He has already been declared as an “individual terrorist” under fourth schedule of UAPA (Unlawful Activities Prevention Amendment Act) and his properties in Punjab have been attached.

A chargesheet filed by the NIA in December 2020 against Pannun, UK based Paramjit Singh Pamma and Canada based Hardeep Singh Nijjar stated that SFJ, floated in the garb of ‘Human Rights advocacy group’ with its offices in various foreign countries like the USA, Canada, the UK, Australia etc, is a frontal organization of Khalistan terrorist outfits operating from foreign soils including Pakistan.

Cases

NIA, since August last year, has registered half a dozen cases linked to gangsters-PKEs nexus and raids have been carried out at over 370 locations in Delhi, Punjab, Rajasthan, Haryana, Uttar Pradesh, Uttarakhand, Chandigarh etc for dismantle this entire network of Khalistanis, shooters, hawala operators, gang leaders and their accomplices. The police in these states too have also cracked down on the networks.

About three dozen people have been arrested, while five to six persons have been bought back through deportation or extradition from countries like Thailand, the UAE, and the Philippines in the last one year.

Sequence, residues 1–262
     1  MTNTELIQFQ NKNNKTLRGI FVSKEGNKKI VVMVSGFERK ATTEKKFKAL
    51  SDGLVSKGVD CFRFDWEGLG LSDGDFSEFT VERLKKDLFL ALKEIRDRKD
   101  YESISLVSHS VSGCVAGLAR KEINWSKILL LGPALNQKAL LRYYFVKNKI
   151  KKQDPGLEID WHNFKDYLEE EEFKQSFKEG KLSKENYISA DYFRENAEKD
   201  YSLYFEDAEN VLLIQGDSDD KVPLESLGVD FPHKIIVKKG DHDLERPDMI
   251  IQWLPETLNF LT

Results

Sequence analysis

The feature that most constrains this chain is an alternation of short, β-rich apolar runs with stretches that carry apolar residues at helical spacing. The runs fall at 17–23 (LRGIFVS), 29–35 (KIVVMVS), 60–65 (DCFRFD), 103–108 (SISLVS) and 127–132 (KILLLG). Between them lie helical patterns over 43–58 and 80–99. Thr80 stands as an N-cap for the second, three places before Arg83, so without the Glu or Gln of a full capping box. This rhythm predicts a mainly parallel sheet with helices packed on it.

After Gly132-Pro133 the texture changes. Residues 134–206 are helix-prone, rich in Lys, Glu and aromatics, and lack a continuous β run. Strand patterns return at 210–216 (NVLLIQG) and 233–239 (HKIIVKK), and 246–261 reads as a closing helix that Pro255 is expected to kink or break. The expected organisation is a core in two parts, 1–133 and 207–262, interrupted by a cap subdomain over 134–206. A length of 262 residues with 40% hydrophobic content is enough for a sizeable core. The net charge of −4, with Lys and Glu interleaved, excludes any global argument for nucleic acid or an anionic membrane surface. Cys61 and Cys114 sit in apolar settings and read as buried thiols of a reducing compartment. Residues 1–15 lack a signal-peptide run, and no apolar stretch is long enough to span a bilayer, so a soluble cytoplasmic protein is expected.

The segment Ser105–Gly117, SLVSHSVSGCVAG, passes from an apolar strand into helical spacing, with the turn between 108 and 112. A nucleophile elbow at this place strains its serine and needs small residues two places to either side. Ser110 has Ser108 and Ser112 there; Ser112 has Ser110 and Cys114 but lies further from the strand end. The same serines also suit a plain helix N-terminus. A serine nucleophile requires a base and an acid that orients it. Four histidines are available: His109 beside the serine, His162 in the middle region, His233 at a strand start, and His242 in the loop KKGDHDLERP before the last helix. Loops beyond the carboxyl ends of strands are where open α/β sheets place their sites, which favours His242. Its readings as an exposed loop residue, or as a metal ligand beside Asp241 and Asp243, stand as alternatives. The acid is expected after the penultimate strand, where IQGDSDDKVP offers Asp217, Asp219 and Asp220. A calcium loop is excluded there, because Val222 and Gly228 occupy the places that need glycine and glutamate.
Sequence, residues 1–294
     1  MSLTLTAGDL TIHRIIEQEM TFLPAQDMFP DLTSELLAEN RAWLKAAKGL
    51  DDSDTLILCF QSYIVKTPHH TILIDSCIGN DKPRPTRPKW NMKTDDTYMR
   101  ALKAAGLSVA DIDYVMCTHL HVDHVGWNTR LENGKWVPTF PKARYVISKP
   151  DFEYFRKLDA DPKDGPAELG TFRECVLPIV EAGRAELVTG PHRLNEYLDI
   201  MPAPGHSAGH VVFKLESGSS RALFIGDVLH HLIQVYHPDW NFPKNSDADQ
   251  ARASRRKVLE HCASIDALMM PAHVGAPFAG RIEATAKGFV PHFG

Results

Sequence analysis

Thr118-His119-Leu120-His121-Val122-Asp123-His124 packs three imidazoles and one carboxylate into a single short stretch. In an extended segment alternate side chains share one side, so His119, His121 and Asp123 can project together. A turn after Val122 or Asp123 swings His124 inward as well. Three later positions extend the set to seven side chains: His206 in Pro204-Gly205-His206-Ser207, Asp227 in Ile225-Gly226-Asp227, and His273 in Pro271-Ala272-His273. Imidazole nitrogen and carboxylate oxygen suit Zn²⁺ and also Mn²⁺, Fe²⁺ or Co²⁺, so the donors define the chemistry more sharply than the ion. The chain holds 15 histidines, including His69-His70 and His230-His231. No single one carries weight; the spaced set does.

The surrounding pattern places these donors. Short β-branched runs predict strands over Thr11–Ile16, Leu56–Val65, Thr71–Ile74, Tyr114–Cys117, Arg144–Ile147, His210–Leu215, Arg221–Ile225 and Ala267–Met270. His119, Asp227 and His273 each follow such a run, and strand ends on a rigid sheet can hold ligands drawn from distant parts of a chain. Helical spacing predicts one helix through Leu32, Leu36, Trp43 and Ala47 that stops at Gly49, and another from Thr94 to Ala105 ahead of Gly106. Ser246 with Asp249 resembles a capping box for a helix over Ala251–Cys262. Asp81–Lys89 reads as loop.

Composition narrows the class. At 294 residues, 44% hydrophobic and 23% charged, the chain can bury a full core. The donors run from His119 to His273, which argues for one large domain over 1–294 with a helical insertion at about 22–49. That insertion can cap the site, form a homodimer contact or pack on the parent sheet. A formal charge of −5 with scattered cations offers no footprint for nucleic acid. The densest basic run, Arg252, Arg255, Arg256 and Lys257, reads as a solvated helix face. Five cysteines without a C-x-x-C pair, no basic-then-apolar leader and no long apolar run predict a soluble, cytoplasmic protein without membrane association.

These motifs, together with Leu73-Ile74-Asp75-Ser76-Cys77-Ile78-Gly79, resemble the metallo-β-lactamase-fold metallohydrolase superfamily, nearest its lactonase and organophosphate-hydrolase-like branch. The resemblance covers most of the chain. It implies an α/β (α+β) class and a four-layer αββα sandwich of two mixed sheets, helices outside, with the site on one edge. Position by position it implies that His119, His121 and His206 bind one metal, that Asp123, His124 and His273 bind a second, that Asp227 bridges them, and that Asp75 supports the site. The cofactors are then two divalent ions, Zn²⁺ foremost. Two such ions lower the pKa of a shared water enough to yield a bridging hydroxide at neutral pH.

Interpol red notices have also been issued against against nine members who are located in Canada, Thailand, Australia and other countries and agencies are in regular touch with their counterparts in these countries.

New underworld:

In March this year, NIA said in a statement that this nexus of gangsters and PKEs and their links with the music industry, singers, kabaddi players and advocates, is working on the lines of the pre-1993 Mumbai blasts era when extensive linkages of the underworld with the business people and the film industry had surfaced.

“It was revealed during the investigation that most of the accused were, till recently, operating their own separate gangs involved in extortion rackets. They initially transformed into a gangsters’ syndicate to expand their area of influence in other states, but soon ended up in a deadly criminal-terror nexus after being exposed to exploitation by terrorist elements. Sophisticated weapons and availability of large pool of cheap shooters made the gangsters’ syndicate an attractive choice for terrorist outfits,” a NIA spokesperson said in a statement in March.